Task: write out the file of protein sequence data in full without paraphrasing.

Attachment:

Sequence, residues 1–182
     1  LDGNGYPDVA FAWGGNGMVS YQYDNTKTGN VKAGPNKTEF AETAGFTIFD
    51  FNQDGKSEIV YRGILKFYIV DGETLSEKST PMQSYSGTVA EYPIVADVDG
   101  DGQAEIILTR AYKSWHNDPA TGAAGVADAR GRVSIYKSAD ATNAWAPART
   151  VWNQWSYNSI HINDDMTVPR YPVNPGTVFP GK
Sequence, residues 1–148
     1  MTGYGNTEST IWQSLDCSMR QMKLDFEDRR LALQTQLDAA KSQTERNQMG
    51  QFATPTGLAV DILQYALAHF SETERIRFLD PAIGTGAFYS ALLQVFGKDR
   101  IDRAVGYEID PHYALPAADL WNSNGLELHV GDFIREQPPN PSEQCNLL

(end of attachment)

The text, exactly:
Sequence, residues 1–182
     1  LDGNGYPDVA FAWGGNGMVS YQYDNTKTGN VKAGPNKTEF AETAGFTIFD
    51  FNQDGKSEIV YRGILKFYIV DGETLSEKST PMQSYSGTVA EYPIVADVDG
   101  DGQAEIILTR AYKSWHNDPA TGAAGVADAR GRVSIYKSAD ATNAWAPART
   151  VWNQWSYNSI HINDDMTVPR YPVNPGTVFP GK
Sequence, residues 1–148
     1  MTGYGNTEST IWQSLDCSMR QMKLDFEDRR LALQTQLDAA KSQTERNQMG
    51  QFATPTGLAV DILQYALAHF SETERIRFLD PAIGTGAFYS ALLQVFGKDR
   101  IDRAVGYEID PHYALPAADL WNSNGLELHV GDFIREQPPN PSEQCNLL